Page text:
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Latest Horizontal gene transfer Stories

2014-04-22 10:10:51

Manure from dairy cows, which is commonly used as a farm soil fertilizer, contains a surprising number of newly identified antibiotic resistance genes from the cows' gut bacteria. The findings, reported in mBio® the online open-access journal of the American Society for Microbiology, hints that cow manure is a potential source of new types of antibiotic resistance genes that transfer to bacteria in the soils where food is grown. Thousands of antibiotic resistance (AR) genes have already...

fern
2014-04-15 03:00:24

Erin Weeks, Duke University Bumping sex cells with the hornworts may have done it During the age of the dinosaurs, the arrival of flowering plants as competitors could have spelled doom for the ancient fern lineage. Instead, ferns diversified and flourished under the new canopy -- using a mysterious gene that helped them adapt to low-light environments. A team led by Duke University scientists has pinpointed the curious origins of this gene and determined that it was transferred to...

Extreme Algae Thieves Its Genes From Bacteria
2013-03-08 17:34:16

Brett Smith for redOrbit.com - Your Universe Online Some microorganisms have developed the ability to thrive in the most hostile environments on Earth, from the superheated geothermal vents to pools of toxic drainage deep underground. According to a new study in the journal Science, researchers have found evidence one of these so-called “extremophiles” steals its ability to endure extreme environments from the organisms around it. While the ability to pilfer genes from...

2013-01-16 22:22:30

Scientists at the Academy of Finland's Centre of Excellence in Computational Inference Research have developed novel computational methods that have yielded essential knowledge of how hospital-acquired bacteria spread and develop. These new methods, based on randomised algorithms, make it possible to analyse extensive genomic data significantly faster and more efficiently than previously. By applying these results, it is possible to better follow hospital-acquired infections in the future, or...

Parasitic Plants Are Stealing Genes From Their Hosts
2012-06-08 07:41:04

New research published today in BioMed Central's open access journal BMC Genomics reveals that the Malaysian parasitic plant Rafflesia cantleyi, with its 50cm diameter flowers, has 'stolen' genes from its host Tetrastigma rafflesiae. Analysis of these genes shows that their functions range from respiration to metabolism, and that some of them have even replaced the parasites own gene activity. Vertical gene transfer is that between parents and their offspring, while horizontal gene...

2012-02-16 18:14:40

The evolution of plants and animals generally has been thought to occur through the passing of genes from parent to offspring and genetic modifications that happen along the way. But evolutionary biologists from Brown University and the University of Sheffield have documented another avenue, through the passing of genes from plant to plant between species with only a distant ancestral kinship. How this happened is unclear. But the researchers show that not only did a grouping of grasses...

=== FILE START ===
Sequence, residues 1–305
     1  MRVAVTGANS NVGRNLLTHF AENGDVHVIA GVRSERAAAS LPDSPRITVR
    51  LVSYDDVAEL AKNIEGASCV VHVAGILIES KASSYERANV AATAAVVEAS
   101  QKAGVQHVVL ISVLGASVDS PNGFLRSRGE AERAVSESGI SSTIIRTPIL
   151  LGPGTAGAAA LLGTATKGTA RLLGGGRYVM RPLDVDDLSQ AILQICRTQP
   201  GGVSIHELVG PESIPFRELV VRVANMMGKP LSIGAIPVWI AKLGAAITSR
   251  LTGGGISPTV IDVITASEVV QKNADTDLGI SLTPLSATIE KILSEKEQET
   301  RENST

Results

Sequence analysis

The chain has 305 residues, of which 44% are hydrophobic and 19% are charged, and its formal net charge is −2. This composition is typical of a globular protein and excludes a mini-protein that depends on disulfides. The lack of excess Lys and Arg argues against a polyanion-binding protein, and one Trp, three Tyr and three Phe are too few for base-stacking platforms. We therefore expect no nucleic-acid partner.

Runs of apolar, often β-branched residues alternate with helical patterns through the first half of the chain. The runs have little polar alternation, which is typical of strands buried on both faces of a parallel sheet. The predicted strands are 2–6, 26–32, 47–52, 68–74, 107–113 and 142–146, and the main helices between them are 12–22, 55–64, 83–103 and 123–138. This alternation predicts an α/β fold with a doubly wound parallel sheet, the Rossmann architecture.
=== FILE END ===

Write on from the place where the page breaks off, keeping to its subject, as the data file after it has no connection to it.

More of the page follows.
2011-12-10 01:49:36

• The study focuses on the protein Ler, which is present in the pathogenic strains of Escherichia coli that caused an outbreak of food poisoning in Germany last May. • Ler binds multiple DNA sequences, thereby activating numerous genes responsible for bacterial virulence. • The findings of the study have been published in PloS Pathogens. A team headed by scientists from the Institute for Research in Biomedicine (IRB Barcelona) reports how the protein Ler, which is...

2011-09-22 21:30:32

Emergence of ENaC, sodium pump coincides with first appearance of multi-celled creatures Maintaining fluid balance in the body is essential to survival, from the tiniest protozoa to the mightiest of mammals. By researching recent genomic data, Swiss researchers have found genetic evidence that links this intricate process to a turning point in evolution. The study was led by Bernard Rossier, Professor Emeritus, University of Lausanne, along with colleagues Romain A. Studer, Emilie...

2011-03-17 12:17:01

Bacteria more likely to adopt 'loner' genes than genes that are well-connected, study finds A new study of more than three dozen bacteria species "” including the microbes responsible for pneumonia, meningitis, stomach ulcers and plague "” settles a longstanding debate about why bacteria are more likely to steal some genes than others. While most organisms get their genes from their parents just like people do, bacteria and other single-celled creatures also regularly pick up...


Latest Horizontal gene transfer Reference Libraries

0_68051ac6f600313805ed284dd29cba8a
2011-04-28 17:50:48

Wolbachia is a genus of bacteria which infects arthropod species, including a high proportion of insects (~60% of species). It is one of the world's most common parasitic microbes and possibly the most common reproductive parasite in biosphere. Studies have suggested that 25-70% of all insect species are estimated to be potential hosts. Marshall Hertig and Burt Wolbach first identified the bacterium in 1924 in a species of mosquito. Hertig described the genus as Wolbachia pipientis. Not...

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Word of the Day
omadhaun
  • A fool; a simpleton: a term of abuse common in Ireland and to a less extent in the Gaelic-speaking parts of Scotland.
This word is partly Irish in origin.